France sets up $120 million Africa agriculture fund

Reuters | 2 June 2010

Photo: F. de La Mure

France will set up a $120 million fund to help Africa’s farming and food distribution sectors, a communique from the 25th Africa-France Summit said on Tuesday, as the continent looks to ensure security of food supplies.

African agriculture faces multiple constraints, ranging from poor rural infrastructure, to lack of access, sufficient water, fertilisers, and machinery.

To ensure sustainable food production and achieve food security, the agricultural sector needs to attain significant growth rates over the next four decades.

“France has announced the establishment of an investor fund ... destined to support the development of farming projects in Africa and the distribution of food stuffs,” the communique said.

In 2008, Africa produced 152.3 million tonnes of cereals, 12 percent more than the previous year, while projections for 2009 indicate that the continent’s cereal production could have reached 160 million tonnes, according to the United Nation’s Food and Agriculture Organisation. Sub-Saharan Africa has around 395 million hectares of unused farmland.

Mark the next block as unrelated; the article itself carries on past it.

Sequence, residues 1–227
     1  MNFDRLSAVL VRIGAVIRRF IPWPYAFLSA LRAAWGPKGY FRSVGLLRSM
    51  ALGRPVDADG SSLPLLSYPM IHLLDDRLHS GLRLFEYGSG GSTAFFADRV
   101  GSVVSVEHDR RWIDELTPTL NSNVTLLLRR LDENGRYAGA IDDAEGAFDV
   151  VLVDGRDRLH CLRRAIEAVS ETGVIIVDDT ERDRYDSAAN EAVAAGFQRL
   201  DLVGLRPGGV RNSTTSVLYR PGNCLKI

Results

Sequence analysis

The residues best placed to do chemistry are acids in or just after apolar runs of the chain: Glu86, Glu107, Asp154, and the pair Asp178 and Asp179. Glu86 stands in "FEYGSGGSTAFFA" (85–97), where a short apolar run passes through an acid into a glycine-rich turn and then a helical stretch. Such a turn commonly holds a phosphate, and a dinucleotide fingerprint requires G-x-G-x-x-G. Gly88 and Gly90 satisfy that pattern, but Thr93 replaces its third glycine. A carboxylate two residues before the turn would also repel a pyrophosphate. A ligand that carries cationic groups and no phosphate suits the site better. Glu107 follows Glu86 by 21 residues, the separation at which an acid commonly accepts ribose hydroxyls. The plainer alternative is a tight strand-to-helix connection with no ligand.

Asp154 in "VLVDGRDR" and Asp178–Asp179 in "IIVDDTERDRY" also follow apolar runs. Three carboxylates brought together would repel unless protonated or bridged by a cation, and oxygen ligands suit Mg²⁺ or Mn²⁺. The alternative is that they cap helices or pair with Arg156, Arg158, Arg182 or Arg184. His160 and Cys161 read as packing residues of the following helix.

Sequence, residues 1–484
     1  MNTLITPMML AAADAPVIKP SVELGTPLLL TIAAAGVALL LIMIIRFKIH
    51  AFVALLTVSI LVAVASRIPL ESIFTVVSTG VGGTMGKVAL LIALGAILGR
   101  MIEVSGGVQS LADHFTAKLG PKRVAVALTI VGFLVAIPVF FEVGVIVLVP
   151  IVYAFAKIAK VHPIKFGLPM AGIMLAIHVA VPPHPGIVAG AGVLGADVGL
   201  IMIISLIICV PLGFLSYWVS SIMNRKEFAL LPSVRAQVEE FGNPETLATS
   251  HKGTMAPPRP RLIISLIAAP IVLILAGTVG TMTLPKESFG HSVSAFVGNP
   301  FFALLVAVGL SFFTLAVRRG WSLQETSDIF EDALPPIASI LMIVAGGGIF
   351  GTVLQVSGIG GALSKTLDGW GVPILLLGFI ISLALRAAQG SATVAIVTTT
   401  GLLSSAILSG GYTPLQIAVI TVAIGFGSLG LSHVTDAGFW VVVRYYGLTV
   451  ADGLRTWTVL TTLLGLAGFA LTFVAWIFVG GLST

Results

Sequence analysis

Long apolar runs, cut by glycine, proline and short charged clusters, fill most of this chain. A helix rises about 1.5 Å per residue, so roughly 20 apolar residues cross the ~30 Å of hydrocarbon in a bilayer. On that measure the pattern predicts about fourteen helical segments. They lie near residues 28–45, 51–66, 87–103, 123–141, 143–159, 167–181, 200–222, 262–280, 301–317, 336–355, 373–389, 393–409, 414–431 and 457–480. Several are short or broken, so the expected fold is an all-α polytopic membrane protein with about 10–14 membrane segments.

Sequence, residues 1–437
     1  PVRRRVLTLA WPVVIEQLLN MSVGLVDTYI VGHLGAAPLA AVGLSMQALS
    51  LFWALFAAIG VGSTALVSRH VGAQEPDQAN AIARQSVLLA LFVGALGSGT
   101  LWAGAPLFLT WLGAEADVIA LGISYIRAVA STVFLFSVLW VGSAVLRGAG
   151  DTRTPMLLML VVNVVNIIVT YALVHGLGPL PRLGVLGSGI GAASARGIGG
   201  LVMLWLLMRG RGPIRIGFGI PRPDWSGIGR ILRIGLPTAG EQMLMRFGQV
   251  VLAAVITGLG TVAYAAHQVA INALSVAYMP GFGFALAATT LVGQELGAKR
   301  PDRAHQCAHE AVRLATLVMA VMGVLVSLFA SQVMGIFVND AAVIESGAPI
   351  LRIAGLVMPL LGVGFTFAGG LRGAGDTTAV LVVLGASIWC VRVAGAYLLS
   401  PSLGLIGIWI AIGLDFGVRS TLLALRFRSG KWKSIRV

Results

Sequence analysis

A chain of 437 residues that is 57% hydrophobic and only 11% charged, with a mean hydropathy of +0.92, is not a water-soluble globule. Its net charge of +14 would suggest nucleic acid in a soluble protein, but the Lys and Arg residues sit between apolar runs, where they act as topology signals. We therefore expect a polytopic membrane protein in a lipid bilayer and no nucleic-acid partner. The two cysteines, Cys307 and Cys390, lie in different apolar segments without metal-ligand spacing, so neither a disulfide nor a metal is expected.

The fund will start at $120 million and could increase to as much as $300 million. The communique did not specify where or how the fund would operate.

President Nicolas Sarkozy and African leaders, including South Africa’s Jacob Zuma and Nigeria’s Goodluck Jonathan, also agreed to work together towards creating a framework to fight volatility of commodity prices and to reinforce food security, when France takes the helm of the G8/G20 group of large economies in 2011.

In sub-Saharan Africa, since 2009, over 265 million people are malnourished and 30 percent of the population suffers from hunger, FAO’s Director-General, Jacques Diouf, has said.

The Africa-France Summit, which closed on Tuesday, has been held since 1975. France is looking to claw back some of its historical economic influence in the continent, given the emergence of new rivals such as China, which has become Africa’s biggest trade partner.

France welcomed about 40 African leaders in the French Riviera city of Nice to discuss issues ranging from Africa’s political position globally to the environment and security.

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